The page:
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Nearly 1 in 5 waitlisted patients in Hawaii have infectious diseases, study shows


Nearly one in five waitlisted patients who remain hospitalized in Hawaii after the need for acute care ends suffers from an infectious disease, a new report shows.

The report by Hawaii Health Information Corp., which analyzes statewide health care data, found the most common disease among waitlisted patients was septicemia — a severe blood infection that can lead to organ failure or death, which costs hospitals $4.7 million annually.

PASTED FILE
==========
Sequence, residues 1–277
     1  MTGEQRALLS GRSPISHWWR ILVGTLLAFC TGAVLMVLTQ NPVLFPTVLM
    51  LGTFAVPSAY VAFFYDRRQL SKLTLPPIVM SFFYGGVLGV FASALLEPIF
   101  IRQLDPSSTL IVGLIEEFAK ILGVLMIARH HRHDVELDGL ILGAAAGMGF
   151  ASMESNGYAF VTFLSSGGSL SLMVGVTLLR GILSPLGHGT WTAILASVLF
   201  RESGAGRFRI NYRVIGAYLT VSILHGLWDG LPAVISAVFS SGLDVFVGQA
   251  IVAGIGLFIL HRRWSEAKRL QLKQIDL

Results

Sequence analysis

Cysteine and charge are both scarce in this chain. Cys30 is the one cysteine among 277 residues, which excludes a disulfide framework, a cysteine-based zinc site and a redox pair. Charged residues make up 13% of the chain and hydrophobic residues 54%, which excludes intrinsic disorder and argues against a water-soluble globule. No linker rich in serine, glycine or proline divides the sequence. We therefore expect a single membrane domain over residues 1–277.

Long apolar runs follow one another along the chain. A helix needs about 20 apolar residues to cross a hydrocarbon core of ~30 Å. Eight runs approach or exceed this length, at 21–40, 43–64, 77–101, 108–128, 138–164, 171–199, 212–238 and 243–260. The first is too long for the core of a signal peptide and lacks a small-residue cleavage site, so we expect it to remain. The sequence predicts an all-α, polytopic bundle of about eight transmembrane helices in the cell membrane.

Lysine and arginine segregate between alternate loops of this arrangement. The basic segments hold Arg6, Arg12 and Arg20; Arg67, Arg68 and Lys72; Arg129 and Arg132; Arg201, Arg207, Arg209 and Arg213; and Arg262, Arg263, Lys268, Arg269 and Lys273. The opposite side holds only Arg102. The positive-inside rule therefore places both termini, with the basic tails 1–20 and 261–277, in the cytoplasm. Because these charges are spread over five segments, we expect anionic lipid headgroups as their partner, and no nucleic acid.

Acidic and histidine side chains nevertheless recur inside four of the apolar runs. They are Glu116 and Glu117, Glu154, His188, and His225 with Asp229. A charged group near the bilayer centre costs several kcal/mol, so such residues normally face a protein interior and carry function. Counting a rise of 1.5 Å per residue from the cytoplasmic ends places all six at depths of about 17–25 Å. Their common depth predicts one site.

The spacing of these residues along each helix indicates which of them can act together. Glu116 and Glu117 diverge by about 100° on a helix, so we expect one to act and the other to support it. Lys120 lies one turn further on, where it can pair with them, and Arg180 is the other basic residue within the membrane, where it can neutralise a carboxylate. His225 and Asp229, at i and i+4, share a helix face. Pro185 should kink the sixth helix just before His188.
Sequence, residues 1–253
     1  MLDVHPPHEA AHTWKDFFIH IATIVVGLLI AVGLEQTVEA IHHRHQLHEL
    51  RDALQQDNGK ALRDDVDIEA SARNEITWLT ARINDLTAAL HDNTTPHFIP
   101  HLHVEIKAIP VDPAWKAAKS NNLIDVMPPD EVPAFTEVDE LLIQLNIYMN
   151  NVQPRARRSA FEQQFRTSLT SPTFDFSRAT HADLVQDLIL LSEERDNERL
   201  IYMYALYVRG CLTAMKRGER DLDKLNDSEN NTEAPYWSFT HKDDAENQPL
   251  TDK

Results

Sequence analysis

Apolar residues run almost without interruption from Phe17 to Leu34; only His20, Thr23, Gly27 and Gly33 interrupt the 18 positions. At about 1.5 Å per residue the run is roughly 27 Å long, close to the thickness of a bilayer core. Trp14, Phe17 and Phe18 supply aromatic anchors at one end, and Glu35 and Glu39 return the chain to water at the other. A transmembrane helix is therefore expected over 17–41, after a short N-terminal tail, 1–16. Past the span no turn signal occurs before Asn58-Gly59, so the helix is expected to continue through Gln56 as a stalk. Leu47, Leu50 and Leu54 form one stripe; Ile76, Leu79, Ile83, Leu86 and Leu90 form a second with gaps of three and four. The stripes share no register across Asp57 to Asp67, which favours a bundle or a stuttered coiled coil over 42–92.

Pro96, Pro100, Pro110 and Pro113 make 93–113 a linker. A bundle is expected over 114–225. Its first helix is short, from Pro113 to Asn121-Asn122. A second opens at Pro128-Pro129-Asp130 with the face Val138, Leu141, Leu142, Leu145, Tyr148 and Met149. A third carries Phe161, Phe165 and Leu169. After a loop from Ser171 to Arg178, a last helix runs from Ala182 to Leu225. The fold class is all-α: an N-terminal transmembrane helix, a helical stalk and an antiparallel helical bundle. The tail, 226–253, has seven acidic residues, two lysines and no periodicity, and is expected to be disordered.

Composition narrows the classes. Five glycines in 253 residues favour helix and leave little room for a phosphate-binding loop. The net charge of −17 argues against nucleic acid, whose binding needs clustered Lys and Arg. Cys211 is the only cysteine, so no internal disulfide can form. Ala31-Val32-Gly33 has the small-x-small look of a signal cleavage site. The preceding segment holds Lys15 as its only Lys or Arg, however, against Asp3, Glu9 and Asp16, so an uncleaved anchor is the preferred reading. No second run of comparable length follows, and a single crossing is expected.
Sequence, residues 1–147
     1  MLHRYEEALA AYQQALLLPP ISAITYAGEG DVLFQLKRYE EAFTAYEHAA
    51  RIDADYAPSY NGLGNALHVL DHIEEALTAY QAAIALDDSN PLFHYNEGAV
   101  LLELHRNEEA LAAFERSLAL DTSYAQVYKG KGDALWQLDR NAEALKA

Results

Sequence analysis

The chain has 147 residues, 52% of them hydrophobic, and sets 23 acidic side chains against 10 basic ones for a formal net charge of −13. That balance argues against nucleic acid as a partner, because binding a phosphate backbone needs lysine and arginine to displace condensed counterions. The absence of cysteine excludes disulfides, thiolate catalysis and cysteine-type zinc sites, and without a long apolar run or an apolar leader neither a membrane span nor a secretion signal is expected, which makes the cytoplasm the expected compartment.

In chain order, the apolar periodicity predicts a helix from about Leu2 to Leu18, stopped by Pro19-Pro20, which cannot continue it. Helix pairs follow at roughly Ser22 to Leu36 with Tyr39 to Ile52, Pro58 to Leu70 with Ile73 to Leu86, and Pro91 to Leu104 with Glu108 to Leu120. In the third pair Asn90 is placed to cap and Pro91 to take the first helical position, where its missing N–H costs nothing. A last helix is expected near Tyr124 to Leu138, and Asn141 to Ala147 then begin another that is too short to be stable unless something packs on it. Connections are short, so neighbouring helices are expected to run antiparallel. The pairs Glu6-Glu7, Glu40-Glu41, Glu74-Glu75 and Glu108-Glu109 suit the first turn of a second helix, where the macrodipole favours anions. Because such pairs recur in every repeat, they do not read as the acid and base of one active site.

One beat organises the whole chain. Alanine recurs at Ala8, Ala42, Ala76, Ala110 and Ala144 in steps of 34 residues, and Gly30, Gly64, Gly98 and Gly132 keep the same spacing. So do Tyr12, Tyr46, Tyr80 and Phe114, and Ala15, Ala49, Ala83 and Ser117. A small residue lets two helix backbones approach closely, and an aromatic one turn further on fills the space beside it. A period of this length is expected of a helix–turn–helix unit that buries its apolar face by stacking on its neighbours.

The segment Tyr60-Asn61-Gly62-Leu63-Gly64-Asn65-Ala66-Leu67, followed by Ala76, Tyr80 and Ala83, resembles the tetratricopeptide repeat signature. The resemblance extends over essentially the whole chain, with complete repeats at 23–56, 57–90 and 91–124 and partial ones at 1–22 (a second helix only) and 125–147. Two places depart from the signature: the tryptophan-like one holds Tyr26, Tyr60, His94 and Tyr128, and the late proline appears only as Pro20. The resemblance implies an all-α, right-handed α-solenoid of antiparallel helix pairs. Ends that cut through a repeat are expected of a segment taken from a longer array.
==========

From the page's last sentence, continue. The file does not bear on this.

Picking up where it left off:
The number of waitlisted patients with this potentially life-threatening disease more than doubled between 2006 and 2011. Other top conditions among these patients include parasitic diseases and cellulitis, a bacterial skin infection.

The report is based on 2011 discharge data from all Hawaii hospitals, except Tripler Army Medical Center. 

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